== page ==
A second example of changing your body composition would be as a Powerlifter, where you are trying to achieve muscle mass development in order to increase your 1Rep Max in areas such as Squats, Deadlift and Bench. During a build phase of your powerlifting cycle program, you should be in a calorie surplus (eating more calories than you burn) of around 15%. This does not mean you can go and ‘bulk’ by eating everything in sight and expect to gain lean muscle mass. If you are overeating, your body will still store excess carbohydrates and fats. Nutrition in this phase of the cycle should be matched with training activities. However, if you are in a competition phase - you may need to cut excess body fat, therefore the above weight loss protocols can be applied with a high protein diet to ensure muscle loss is minimal. Tracking your daily intake can help you avoid this happening (more on that below!). 

Finally, bodybuilders follow a similar pattern in terms of weight loss goals, however - bodybuilders will go through a building phase, then a cut phase. During the cut phase, they will slowly drop their calories down over a series of weeks (12-20 weeks) to be in such a deficit that their body fat is minimal to show muscular definition. Once this is reached, the reverse will happen to allow their metabolism to increase as adaptive thermogenesis may have taken over, particularly if their body has become used to eating such a low amount of calories.

Nutrition Support Apps

To help you stay on top of your nutrition program and goals - it is often helpful to use a food diary or track your intake. Keeping a log or food diary of your foods can let you know where you are sitting on a weekly basis. This can be handwritten - or there are many apps that are easy to access and use on your preferred device. Common apps to log your daily intake are Easy Diet Diary (free) and Myfitnesspal. They both have great features like scanning barcodes and inputting recipes. Easy Diet Diary is an Australian application - which makes it easy to use with Aussie products and stores. The nutritional information database in Easy Diet Diary is a private database, meaning the nutrition information uploaded is correct and checked before being added to the public database. Myfitnesspal on the other hand allows you to add nutritional information to a public database, which may not be as accurate as possible - and leave you with the wrong information or potentially unknowingly logging your food incorrectly. When I refer to logging your food - you do not need to be weighing every single thing that goes into your mouth, but you do need to be honest with your portion sizes. You will not see the results you are after if you are inputting false numbers.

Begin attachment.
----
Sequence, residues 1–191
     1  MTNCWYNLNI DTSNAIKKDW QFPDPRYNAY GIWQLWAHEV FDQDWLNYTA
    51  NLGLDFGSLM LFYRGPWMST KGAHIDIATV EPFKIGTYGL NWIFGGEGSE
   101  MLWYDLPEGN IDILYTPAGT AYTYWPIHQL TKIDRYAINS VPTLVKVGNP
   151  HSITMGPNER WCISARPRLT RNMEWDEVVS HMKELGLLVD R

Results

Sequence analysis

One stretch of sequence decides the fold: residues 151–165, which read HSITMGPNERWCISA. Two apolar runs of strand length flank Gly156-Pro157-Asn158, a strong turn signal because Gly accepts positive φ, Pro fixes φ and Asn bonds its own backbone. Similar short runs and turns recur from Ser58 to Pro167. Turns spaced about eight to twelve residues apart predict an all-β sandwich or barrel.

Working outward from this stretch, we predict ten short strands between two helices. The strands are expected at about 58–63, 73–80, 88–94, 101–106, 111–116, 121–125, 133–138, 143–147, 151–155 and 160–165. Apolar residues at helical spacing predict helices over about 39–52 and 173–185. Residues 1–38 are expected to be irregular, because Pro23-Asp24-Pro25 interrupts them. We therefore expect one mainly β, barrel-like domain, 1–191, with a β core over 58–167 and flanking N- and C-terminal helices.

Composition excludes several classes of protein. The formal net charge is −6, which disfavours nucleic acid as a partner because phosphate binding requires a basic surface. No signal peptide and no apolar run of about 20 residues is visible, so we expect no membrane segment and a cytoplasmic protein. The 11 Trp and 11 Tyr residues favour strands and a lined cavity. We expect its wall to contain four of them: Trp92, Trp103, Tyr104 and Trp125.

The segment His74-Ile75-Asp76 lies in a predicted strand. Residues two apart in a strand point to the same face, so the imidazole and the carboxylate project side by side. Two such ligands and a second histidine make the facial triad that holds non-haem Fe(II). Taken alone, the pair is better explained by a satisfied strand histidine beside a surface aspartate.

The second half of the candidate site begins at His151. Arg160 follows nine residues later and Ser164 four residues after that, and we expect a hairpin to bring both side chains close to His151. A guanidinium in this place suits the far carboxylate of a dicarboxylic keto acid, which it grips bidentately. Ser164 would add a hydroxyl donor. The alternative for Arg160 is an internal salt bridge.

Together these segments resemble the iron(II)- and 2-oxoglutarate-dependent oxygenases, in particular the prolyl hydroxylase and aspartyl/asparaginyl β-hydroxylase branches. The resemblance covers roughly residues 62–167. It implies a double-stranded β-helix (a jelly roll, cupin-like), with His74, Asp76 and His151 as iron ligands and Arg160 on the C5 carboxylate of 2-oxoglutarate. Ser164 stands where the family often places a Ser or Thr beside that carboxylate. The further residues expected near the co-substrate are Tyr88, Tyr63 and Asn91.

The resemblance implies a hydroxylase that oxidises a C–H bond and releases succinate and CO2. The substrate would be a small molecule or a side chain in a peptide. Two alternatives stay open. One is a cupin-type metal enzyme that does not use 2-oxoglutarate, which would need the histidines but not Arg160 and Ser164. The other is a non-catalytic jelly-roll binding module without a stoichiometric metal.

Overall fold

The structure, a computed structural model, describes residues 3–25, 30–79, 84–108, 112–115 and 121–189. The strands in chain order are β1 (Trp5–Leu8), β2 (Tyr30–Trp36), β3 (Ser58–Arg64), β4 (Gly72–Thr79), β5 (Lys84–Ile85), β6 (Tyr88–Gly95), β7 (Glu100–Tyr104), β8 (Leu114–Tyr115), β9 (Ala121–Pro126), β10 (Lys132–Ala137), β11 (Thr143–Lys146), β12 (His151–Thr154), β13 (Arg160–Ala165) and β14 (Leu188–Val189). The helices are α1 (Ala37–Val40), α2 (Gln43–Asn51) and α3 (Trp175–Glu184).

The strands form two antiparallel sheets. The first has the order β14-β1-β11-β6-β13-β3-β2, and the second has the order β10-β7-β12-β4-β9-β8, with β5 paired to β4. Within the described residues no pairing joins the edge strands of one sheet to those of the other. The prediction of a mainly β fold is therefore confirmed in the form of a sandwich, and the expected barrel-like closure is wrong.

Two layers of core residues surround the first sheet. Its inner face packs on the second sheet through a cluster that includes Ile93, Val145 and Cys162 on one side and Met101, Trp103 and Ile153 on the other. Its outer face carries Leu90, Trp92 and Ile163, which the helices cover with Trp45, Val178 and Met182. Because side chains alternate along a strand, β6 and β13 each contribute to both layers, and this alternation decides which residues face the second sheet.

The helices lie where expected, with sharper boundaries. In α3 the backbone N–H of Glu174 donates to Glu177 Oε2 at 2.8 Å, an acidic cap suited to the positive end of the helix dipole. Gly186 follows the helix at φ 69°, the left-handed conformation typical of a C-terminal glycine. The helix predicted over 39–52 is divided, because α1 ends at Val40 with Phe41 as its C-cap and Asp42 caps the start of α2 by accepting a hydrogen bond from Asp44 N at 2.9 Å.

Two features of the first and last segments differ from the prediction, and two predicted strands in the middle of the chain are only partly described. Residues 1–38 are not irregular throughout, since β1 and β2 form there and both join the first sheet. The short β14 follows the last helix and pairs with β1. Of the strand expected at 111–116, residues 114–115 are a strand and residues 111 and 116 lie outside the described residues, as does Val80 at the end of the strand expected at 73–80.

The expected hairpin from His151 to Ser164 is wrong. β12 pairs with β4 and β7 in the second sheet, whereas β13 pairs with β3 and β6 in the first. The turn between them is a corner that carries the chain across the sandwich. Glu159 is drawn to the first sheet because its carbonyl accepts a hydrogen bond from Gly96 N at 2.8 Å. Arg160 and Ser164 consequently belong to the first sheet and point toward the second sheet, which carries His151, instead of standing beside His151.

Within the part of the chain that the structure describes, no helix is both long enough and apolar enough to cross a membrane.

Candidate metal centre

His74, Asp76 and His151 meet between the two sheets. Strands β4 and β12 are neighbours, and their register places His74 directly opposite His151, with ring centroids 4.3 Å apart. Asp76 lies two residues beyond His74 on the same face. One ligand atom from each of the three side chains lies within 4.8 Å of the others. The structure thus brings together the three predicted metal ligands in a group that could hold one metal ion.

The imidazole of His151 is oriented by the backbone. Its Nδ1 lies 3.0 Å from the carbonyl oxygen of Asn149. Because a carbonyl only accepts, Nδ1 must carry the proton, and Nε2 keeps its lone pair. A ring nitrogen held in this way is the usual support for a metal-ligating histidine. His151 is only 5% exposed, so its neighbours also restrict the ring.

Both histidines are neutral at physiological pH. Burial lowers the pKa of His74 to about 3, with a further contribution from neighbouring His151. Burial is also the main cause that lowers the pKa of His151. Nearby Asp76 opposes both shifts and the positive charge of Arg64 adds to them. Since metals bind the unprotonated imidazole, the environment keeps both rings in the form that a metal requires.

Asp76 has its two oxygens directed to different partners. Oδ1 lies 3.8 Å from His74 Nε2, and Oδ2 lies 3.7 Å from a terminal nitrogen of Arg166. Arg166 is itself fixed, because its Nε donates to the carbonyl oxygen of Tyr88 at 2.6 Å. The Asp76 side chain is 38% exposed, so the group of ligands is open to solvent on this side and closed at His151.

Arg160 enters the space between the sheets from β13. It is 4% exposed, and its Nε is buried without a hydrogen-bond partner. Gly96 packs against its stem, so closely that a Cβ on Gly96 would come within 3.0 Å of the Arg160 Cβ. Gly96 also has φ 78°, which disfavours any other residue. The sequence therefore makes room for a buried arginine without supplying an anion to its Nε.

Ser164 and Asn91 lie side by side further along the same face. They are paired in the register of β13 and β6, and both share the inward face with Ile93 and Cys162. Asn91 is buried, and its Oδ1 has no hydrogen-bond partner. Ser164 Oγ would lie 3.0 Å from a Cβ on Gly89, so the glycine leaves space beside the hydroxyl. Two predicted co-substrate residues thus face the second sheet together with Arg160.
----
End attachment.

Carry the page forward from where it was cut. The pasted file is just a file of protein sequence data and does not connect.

Whether your goal is to lose kilograms, put on size, or both, you need to nourish your body with the right kinds of foods to flourish. Throw out the old ‘eating less’ will make me skinny, and instead, aim to eat for your body composition goals. No amount of skinny teas or quick fixes will work. Remember, if you aren’t sure where to start or have specific medical concerns that require consideration - ask a qualified nutritionist, dietitian,or your medical professional. Seeking help to start this process can guide you in building a personalised nutritional program built on your personal goals.


Train Smart. Train Hard.


About Us

Brittaney Evans is a long time fitness and nutrition enthusiast who has trained and competed in bodybuilding competitions. Her experience and knowledge in nutrition intake has always been fueled by personal passion and love for health, and her open-mindedness has seen her trying new ways to challenge herself - with her latest challenge being Powerlifting. Brittaney understands the struggle of maintaining dietary demands to achieve her goals, supported with tales of taking pre-made meals to social dinners. She also continues to juggle her personal life with maintaining health and fitness, by raising and setting a positive example for her daughter.


Anvil Training and Development is a group of Australian veterans who care about the physical and mental health of veterans and emergency service workers. We’re passionate about ongoing education and working with others to implement positive change.

Instagram: Anvil Training & Development - @anvil.td

Facebook: Anvil Training & Development - @anvil.td


(Article Edited, Proof Read, and Fact-Checked by Charlotte Officer)

VES Mental Health Resources: https://anviltd.com/pages/ves-australian-mental-health-resources